In many ways, all of my previous books are a preparation for this one. It is aimed at a broad audience - including "spiritual but not religious" seekers, members of nonChristian religions, and Christian leaders and thoughtful Christians. It is an exploration of the real "passion of Christ," which is the message of the kingdom of God.
This book completes the trilogy and extends the story of Dan Poole and Neo into some new "hot" territory. Dan struggles with the idea of hell, and does some research to learn about the origins of the idea. He also connects with a faith community that Neo is part of and gains a deeper understanding of the gospel, justice, and Jesus' message of the kingdom of God.
This book, released in late August 04, has elicited a lot of response already. The book turned out to be a confession - as in a confession of faith, not of sin (although some might think ...). The title is elucidated in a wonderful foreword by Dr. John Franke of Biblical Theological Seminary (thanks, John), and the overly long subtitle gives the table of contents of the book: Why I am a missional, evangelical, post/protestant, liberal/conservative, mystical/poetic, biblical, charismatic/contemplative, fundamentalist/calvinist, anabaptist/anglican, methodist, catholic, green, incarnational, depressed-yet-hopeful, emergent, unfinished Christian. It's my only book to contain a "Chapter 0."
I had the idea for this book - on the relationship of church to culture, and especially emerging postmodern culture - and proposed it to Emergent/YS. I think it will be an important book - helping turn potentially divisive issues into shared concerns.
This was a book I had been thinking about writing for a couple of years. When I brought it to EmergentYS, they suggested Tony Campolo as a coauthor. We divvied up the chapters, and then each of us wrote a response to the other's chapters. Tony disagrees with me on several points, which is part of what makes the book interesting and fun, I think. We've gotten really positive response on this book, especially from people in "the Christian subculture" who feel it kicks some doors down and opens some windows for needed fresh air.
This book, coauthored with Len Sweet and Jerry Haselmayer, is set up like a dictionary: A is for ... B is for ... It's not heavy reading, but attempts to deliver some important content in short chunks of intense (and sometimes light-hearted) prose. Several entries (like "Deconstruction") tackle difficult terms and seek to show their relevance for life and ministry in the emerging culture. It was a blast to work with Len on the content, with Jerry focusing on "epictivities" for groups.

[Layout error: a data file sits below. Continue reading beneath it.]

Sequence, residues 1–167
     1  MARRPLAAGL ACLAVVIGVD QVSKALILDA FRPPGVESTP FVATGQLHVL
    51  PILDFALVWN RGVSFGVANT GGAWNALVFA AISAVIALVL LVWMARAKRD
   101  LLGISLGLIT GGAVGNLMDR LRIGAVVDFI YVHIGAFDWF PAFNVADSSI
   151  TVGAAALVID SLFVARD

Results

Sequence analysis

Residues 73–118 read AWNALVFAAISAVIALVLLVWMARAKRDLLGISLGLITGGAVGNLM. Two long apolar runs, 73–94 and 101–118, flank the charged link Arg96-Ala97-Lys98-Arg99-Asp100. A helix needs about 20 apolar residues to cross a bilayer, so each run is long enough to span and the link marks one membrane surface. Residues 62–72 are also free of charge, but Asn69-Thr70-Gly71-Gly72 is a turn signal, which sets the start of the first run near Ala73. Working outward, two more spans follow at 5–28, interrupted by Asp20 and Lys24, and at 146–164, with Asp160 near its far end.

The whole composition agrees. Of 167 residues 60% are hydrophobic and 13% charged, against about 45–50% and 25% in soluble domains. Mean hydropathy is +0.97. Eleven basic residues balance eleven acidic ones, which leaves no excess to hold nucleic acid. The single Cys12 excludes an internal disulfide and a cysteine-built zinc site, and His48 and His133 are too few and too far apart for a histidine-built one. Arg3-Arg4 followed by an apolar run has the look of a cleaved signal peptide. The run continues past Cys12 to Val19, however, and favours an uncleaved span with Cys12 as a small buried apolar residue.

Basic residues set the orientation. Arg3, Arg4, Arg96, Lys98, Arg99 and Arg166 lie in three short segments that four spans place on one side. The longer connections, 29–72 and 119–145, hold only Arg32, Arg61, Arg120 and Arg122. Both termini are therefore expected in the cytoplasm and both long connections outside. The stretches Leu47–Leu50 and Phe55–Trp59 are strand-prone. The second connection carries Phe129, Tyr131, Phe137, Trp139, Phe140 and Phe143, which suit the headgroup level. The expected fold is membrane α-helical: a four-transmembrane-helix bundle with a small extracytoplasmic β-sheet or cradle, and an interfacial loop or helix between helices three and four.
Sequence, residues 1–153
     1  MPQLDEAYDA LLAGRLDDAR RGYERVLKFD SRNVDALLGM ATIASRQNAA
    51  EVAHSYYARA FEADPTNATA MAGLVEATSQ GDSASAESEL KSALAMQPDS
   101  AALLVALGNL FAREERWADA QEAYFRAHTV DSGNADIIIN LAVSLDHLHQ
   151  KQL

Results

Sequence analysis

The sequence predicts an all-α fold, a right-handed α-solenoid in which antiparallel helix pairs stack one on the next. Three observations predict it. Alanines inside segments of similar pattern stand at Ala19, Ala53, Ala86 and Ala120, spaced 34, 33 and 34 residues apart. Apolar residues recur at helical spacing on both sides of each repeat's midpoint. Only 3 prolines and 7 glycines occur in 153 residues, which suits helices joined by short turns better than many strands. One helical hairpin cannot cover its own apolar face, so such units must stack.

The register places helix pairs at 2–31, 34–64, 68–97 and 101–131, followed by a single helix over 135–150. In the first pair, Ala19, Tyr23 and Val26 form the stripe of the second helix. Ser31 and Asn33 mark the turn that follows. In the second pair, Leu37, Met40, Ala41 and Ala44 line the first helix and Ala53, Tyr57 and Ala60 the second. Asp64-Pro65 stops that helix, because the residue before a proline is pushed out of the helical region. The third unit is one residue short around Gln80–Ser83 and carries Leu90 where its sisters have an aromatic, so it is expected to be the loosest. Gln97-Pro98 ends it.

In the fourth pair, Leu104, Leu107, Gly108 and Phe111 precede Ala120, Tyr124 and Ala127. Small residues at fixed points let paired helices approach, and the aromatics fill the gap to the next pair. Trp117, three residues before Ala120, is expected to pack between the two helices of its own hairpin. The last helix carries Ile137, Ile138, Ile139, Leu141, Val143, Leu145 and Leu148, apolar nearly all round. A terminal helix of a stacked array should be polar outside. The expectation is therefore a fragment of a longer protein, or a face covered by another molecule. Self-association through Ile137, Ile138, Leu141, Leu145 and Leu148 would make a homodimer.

This is the sequel to A New Kind of Christian, second in the trilogy. It is the most important book I've written so far, I think. It's an attempt to tell the Biblical story. One of the most surprising responses I have received about the book is from men who tell me the book brought them to tears. I hope someday to come back to the "seven episodes" explored in this book: if I ever write a "theology," I think it would emerge from this telling of the Biblical story.
This is a book about sharing your faith. It's based on a series of emails exchanged between a bright and sincere young seeker and me, and its goal is to help people learn how/to be "spiritual friends" to others who are searching for a faith that is real.
I started this book as a totally nonfiction treatise on Christianity and postmodernity, but after I got about 100 pages into it, I realized the book was on the road to becoming 500 pages of abstraction - and no one would read it. So, I started over, taking the advice of a perceptive reviewer of "The Church on the Other Side." If McLaren is serious about what he's saying, the reviewer said, he should be writing fiction. So, I began rewriting using a fictional dialogue as framework for the book. The book has made a few people angry, as you can discover by doing a search at Christianity Today (or reading comments at Amazon). But the negative comments have, so far at least, been negligible compared to the affirming ones. I set the book up so that it could be the first of a trilogy.
I wrote this book for my friends who are searching for God, but find traditional Christian "apologetics" more an obstacle than a bridge. Many Christians, including quite a few pastors, have told me it has helped them too. I think it's some of my best writing, and may still be the book that I care most about.
This was my first book (originally entitled - against my recommendation - "Reinventing Your Church"). This book introduces all the topics I explore in my other books, and many churches have used it for group study, finding it a helpful (and gentle) introduction to the conversation about Christian faith-life-mission and the emerging postmodern culture.